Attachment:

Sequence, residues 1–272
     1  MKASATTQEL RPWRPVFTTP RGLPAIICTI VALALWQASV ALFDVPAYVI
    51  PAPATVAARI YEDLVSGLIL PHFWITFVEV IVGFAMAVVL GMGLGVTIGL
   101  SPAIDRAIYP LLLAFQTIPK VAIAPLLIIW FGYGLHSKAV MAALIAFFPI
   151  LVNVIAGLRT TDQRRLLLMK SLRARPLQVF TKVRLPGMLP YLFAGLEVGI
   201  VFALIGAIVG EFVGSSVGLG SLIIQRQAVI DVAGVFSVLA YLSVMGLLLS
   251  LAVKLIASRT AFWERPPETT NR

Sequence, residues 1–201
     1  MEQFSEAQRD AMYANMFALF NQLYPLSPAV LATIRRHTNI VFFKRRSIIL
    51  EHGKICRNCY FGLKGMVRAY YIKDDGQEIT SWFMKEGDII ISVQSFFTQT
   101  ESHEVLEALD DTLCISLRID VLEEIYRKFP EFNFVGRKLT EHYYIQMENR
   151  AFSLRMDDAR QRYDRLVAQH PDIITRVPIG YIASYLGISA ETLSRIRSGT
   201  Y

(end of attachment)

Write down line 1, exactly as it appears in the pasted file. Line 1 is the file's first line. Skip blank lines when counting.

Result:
Sequence, residues 1–272